I've Been Schooled!
Yes, this retired schoolteacher and fledgling journalist learned quite a bit recently while in the process of writing this, the fourth Stone Soup Literacy column. The most important lesson I learned is that there always are multiple perspectives on a topic. Even though I was sure that what I had planned to write about was nothing but a wonderful, neighborhood-driven, super-duper way to share books and thus grow literacy in our community, I now understand that there is a cloud hanging over my sunny story.
The topic that I had planned to write about was the Little Free Library (LFL) program. Started in 2009, the program is a “take a book, return a book” free book exchange. Participants build or repurpose some type of weatherproof container that typically is placed near a sidewalk or other easy access point. They may then be registered as a LFL site for a fee. LFL’s stated goals are “Building Community, Sparking Creativity, Inspiring Readers” by “playing an essential role of providing access to books in areas where books are scarce.” Sound familiar? Other than the sparking creativity part, it sounds a lot like the mission of Stone Soup Literacy – “Growing readers one community at a time.” So, what is my concern?
My concern is that if the goal of the LFL program is to provide books to those who might not otherwise have access to them, then that goal is not being achieved. Research reveals that the majority of the little libraries are not found in the communities that need them most and while good intentioned, may even undermine community libraries.
To fully understand this topic, I needed to talk to the experts – the head librarians of our local libraries. In conversations with Diane Whitaker, director of the Annie Halenbake Ross Library in Lock Haven, Jennifer Freed, director of the Centre County Library and Historical Museum in Bellefonte and Laura Sarge, children’s librarian of the Centre County Library and Historical Museum, I learned, as Paul Harvey used to say, the rest of the story. As these dedicated library professionals helped me to understand, anything that potentially draws people away from the “big free library” may unintentionally be hurting it.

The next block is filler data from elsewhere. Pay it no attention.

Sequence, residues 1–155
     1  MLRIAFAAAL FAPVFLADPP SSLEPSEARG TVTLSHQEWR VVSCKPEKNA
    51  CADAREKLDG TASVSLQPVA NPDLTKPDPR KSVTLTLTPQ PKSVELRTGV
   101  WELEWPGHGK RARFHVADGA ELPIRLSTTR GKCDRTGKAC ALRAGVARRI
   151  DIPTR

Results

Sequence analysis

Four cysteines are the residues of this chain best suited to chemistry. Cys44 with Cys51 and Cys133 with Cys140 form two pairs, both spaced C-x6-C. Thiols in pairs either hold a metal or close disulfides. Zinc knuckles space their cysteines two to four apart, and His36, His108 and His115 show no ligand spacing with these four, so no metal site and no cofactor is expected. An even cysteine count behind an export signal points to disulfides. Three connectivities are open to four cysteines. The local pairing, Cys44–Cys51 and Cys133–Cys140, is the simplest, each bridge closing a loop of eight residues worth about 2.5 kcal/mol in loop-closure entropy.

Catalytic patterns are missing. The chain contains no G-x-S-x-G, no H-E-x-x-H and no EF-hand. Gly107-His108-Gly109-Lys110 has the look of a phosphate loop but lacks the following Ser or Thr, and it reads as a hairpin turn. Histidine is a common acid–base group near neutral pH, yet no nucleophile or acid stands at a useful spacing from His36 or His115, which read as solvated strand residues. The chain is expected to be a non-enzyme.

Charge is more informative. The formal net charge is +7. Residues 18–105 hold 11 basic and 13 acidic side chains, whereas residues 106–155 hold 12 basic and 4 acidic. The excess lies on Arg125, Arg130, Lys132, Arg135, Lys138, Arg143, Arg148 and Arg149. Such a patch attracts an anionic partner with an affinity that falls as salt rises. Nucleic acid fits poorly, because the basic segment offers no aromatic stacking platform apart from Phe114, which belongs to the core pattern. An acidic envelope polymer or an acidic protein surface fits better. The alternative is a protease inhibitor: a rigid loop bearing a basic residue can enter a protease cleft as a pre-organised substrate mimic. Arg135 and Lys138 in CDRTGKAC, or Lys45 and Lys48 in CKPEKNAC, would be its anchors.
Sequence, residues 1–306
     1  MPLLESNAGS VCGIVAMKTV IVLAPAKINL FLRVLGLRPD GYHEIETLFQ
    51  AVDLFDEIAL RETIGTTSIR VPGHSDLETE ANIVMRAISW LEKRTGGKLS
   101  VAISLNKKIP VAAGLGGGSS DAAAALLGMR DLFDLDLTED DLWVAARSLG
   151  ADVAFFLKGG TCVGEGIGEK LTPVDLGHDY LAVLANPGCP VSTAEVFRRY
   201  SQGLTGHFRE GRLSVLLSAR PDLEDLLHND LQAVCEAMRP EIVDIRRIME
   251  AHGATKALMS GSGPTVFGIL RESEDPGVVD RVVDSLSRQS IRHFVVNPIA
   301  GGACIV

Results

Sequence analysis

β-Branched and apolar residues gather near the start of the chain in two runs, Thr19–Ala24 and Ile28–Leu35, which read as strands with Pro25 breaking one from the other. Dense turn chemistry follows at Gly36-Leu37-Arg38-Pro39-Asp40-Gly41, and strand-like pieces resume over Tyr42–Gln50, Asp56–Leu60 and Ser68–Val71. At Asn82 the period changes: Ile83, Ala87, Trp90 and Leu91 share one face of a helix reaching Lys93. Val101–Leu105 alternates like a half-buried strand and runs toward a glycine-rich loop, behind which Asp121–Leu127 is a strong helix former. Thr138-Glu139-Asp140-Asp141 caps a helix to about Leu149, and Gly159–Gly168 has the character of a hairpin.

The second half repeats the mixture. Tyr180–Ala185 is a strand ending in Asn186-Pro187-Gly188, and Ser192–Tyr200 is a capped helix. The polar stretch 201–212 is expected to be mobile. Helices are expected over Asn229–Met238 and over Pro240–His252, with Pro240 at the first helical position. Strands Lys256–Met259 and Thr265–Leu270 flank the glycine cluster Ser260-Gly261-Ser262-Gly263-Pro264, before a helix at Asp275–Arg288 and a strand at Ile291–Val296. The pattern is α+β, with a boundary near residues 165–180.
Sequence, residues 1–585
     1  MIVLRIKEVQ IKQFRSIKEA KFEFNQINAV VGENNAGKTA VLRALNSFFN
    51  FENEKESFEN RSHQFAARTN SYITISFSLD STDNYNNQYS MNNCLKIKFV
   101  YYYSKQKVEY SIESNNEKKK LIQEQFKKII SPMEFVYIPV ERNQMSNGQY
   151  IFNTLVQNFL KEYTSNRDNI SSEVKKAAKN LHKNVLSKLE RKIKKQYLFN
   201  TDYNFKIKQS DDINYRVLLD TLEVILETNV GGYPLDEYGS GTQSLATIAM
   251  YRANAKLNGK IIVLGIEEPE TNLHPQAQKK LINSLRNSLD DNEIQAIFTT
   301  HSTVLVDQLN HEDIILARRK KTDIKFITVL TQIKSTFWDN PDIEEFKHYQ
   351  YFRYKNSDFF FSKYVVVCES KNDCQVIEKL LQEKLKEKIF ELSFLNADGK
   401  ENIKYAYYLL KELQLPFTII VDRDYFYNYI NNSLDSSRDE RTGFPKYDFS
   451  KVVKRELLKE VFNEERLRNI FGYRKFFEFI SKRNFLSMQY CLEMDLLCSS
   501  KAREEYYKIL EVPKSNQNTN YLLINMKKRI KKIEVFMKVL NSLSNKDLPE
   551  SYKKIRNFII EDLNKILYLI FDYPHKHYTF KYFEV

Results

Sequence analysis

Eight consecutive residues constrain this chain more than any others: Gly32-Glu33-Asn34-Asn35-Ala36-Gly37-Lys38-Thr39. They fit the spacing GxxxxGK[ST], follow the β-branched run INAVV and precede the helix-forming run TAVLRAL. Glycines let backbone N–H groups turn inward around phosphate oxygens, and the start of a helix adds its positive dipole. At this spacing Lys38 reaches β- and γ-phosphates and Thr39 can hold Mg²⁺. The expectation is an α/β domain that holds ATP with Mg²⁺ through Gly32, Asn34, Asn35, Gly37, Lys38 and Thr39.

Libraries across the country struggle financially to stay alive and must heavily rely on non-government funding sources. The government funding formula is complex and challenging to briefly explain. Regardless of the formula, one consistent outcome is that whatever funding libraries have received in the previous year, they often get less with the next budget cycle. In an article in the Lewistown Sentinel titled Proposal Eliminates Library Funding (May 25, 2017), J. Cahill writes that the proposed 2018 federal budget could have a significant impact on local, state-aided libraries as it eliminates the Institute of Museum and Library Services. The institute is the source of federally allocated funds that are funneled into Pennsylvania via the Office of Commonwealth Libraries and then on to statewide programs and databases and local libraries. Thus, while libraries do receive federal, state and local funding, there is no guarantee as to how much they will receive from one year to the next. Endowments, Foundations and individual and corporate donations are critical revenue sources, as are fund-raising efforts by the library staff and Friends of the Library groups.
What does library funding have to do with Little Free Libraries. Providing free books is great IF said books are in places where underserved populations have access to them. For example, let’s say that I have books that I’m willing to give away. Perhaps I should take them to the communities where they are needed; however, as I don’t know where they are needed, then maybe I should donate them to the library so that they can sell them and use the money for outreach programs. And guess what? Outreach programs are only one of many free services that libraries provide, both inside and outside of their big beautiful buildings.
If we as a community value literacy, then we must gain a deeper understanding of what libraries do and what we can do to support them. We must find a way to channel our good intentions and honorable pursuits by partnering with our local libraries. More about these topics in an upcoming column – until then, find out what you can by visiting Diane and Jennifer and Laura and the many amazing folks at the Ross and Centre County Libraries. Like the sign outside of the Centre County Library says, “Come on in, our librarians love checking you out!”